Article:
Despite Supreme Court ruling, seized Land Rover not returned
INDIANAPOLIS (AP) — An Indiana man who had his $40,000 Land Rover seized after a small-time drug deal isn’t getting it back yet, even though the U.S. Supreme Court used his case for a key ruling on excessive criminal fines earlier this year.
The Indiana Supreme Court has ruled that since Tyson Timbs of Marion used the Land Rover in committing a crime, a county judge must now consider whether its seizure is “grossly disproportional” punishment. Timbs was convicted of selling $400 worth of heroin, which led to a U.S. Supreme Court decision in February that the Constitution’s ban on excessive fines applies to states as well as the federal government.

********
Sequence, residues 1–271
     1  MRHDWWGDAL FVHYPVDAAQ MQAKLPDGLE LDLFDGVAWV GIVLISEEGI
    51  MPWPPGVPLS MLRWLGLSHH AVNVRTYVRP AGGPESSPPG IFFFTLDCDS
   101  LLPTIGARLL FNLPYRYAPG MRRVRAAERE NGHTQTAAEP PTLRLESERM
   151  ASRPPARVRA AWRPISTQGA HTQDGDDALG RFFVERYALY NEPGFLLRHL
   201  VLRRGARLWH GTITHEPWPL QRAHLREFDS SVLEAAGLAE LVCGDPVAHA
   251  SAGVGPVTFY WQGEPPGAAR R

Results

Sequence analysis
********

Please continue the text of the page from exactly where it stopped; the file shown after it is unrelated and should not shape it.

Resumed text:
The Indiana attorney general’s office argued the vehicle seizure was proper because it was used in commission of a crime.